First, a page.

TRAVEL
By Tim Smith, The Baltimore Sun | June 23, 2011
The most atmospheric way to experience the Castleton Festival, which opens Saturday, is to travel down to Virginia's Rappahannock County and catch opera productions or orchestra concerts on the spacious, idyllic estate of celebrated conductor Lorin Maazel. But this summer, Castleton is expanding beyond the rolling hills of the farm where Maazel and his wife, Dietlinde Turban Maazel, launched the festival two years ago. If you're not up for the two-hour-plus drive from Baltimore, you can get a taste of the Castleton magic a shorter distance away.
SPORTS
By John W. Stewart and John W. Stewart,SUN STAFF | October 7, 1996
STERLING, Va. -- A notable par and three successive birdies catapulted Tom Offutt into the lead midway through the back nine, and the Arlington, Va., resident hung on for a one-stroke victory in the 90th Middle Atlantic Amateur championship at the Lowes Island Club yesterday.Despite a final-hole bogey, Offutt, who did not even know he was entered (his wife sent in the entry) until receiving his confirmation and a starting time, recorded a 1-over-par 73 and a 72-hole total of 296.Paul Kane, a former Montgomery Village resident and Maryland tournament player now living in Charlottesville, Va., tied for second with a past champion, Vince Zachetti, at 297. Dave Rasley finished fourth at 298.When the day began, there were 10 players within two strokes of the lead.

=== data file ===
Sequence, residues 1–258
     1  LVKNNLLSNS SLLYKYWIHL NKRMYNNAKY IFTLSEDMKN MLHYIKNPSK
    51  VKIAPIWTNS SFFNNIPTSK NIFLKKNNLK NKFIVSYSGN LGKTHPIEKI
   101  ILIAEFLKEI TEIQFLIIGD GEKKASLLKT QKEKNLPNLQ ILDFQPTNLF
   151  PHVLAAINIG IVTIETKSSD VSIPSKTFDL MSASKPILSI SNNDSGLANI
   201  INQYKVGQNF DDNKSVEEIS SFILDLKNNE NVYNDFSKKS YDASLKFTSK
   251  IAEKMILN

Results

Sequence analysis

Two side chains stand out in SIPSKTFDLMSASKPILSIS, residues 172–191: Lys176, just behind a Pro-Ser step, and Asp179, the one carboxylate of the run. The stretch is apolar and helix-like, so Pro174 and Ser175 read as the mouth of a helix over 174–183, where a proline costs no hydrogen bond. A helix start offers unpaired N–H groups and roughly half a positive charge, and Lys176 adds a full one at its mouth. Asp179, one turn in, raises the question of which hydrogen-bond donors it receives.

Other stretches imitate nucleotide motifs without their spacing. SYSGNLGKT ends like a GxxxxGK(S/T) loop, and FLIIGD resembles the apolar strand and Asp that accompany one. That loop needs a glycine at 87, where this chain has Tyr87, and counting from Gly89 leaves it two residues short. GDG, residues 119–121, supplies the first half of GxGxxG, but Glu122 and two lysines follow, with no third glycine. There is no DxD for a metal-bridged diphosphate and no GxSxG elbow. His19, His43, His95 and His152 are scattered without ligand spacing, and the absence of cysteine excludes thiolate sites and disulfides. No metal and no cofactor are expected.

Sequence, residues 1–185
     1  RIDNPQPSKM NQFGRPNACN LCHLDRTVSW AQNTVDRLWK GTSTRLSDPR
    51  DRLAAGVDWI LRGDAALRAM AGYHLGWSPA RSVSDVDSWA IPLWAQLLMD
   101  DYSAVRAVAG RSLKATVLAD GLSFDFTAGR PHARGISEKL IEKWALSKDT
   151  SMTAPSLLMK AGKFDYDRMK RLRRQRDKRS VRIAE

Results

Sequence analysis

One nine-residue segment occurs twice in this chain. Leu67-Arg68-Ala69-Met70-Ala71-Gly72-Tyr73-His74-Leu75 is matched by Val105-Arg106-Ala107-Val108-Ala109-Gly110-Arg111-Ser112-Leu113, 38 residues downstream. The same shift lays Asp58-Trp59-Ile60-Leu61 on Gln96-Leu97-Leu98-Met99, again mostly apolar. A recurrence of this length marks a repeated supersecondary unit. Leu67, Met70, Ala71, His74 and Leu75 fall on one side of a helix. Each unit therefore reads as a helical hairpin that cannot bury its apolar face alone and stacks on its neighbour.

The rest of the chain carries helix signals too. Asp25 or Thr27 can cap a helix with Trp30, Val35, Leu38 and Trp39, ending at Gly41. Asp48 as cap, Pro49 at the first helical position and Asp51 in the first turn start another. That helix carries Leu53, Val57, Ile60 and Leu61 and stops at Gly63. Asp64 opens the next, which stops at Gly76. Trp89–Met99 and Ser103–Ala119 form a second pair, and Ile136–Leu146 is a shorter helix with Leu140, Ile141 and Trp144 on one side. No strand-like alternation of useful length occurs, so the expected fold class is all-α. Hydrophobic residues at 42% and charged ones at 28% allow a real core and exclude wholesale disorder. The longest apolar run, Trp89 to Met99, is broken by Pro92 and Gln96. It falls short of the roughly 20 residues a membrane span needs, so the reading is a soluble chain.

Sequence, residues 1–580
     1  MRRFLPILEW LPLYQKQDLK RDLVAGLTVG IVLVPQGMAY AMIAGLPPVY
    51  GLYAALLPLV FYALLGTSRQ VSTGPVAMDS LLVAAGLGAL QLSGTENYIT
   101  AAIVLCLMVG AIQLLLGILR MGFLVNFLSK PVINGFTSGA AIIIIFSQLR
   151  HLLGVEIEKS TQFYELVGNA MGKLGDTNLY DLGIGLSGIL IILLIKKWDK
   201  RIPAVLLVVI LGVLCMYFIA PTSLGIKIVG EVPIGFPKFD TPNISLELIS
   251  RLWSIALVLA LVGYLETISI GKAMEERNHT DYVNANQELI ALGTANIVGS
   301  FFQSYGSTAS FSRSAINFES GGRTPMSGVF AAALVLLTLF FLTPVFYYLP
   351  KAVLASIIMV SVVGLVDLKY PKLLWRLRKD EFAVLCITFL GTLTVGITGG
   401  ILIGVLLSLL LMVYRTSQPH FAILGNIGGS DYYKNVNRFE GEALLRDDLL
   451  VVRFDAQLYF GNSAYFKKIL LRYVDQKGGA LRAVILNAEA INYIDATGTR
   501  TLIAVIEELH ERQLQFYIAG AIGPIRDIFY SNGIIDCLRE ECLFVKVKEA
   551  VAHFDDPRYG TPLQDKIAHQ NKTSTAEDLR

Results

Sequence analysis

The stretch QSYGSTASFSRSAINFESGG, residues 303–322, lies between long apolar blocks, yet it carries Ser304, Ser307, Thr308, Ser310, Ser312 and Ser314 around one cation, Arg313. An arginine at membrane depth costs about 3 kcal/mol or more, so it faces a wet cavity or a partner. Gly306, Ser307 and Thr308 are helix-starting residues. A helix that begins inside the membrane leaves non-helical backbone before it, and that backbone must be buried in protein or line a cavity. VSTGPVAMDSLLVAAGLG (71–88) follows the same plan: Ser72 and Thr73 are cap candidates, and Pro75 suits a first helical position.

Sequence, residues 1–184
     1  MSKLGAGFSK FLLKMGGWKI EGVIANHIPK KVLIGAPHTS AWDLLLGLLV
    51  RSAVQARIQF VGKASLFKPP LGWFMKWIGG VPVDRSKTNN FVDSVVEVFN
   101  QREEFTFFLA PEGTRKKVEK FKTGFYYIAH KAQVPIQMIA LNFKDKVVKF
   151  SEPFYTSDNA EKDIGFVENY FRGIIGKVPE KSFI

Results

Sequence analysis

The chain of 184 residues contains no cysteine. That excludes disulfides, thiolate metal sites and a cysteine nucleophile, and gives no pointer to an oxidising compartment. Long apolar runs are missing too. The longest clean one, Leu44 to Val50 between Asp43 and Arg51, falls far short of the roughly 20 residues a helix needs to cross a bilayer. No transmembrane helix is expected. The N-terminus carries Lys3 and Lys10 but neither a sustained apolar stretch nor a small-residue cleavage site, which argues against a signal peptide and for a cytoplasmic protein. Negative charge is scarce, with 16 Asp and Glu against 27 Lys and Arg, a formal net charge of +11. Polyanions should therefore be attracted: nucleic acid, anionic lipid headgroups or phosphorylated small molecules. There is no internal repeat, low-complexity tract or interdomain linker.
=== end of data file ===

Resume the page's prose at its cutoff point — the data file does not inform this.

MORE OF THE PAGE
SPORTS
By FROM STAFF REPORTS WILLIAMSBURG, Va | July 30, 1997
WILLIAMSBURG, Va. -- William Lanier of Farmington Country Club in Charlottesville, Va., shot 1-over-par 73, but hung on for a one-stroke victory in the annual Assistants championship of the Middle Atlantic Golf Association at Ford's Colony. Lanier finished 67-73140, 3-under par for the two tournament courses.Wayne DeFrancesco, teaching professional at Woodholme CC in Pikesville, had a 15-foot birdie putt to tie for the lead, missed it, and settled for part of a three-way tie for second with 67-74141.